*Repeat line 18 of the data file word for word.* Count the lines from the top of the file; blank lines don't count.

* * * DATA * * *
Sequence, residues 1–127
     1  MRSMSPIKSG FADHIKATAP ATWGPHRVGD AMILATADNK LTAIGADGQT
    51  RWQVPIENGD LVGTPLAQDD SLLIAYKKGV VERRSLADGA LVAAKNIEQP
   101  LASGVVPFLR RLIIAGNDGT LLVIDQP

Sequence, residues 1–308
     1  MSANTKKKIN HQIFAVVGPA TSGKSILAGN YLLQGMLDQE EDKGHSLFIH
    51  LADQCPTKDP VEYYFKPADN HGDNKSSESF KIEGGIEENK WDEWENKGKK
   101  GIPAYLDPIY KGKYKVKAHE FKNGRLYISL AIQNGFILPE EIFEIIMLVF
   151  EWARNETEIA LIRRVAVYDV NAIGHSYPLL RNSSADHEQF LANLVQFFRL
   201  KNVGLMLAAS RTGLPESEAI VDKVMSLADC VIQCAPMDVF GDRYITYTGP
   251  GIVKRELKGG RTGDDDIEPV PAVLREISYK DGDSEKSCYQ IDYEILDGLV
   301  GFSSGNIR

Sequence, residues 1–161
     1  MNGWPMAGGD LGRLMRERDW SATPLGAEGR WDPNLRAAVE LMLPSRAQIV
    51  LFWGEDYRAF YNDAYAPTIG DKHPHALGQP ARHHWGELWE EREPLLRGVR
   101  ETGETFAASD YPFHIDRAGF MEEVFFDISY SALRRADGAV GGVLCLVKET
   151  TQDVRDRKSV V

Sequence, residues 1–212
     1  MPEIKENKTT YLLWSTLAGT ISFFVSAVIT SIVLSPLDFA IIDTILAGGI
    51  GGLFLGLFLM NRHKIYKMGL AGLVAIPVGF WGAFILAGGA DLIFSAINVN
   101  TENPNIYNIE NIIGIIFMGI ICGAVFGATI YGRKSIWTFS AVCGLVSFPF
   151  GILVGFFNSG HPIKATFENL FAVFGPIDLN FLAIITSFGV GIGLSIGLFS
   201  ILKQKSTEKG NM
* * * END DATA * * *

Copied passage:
Sequence, residues 1–212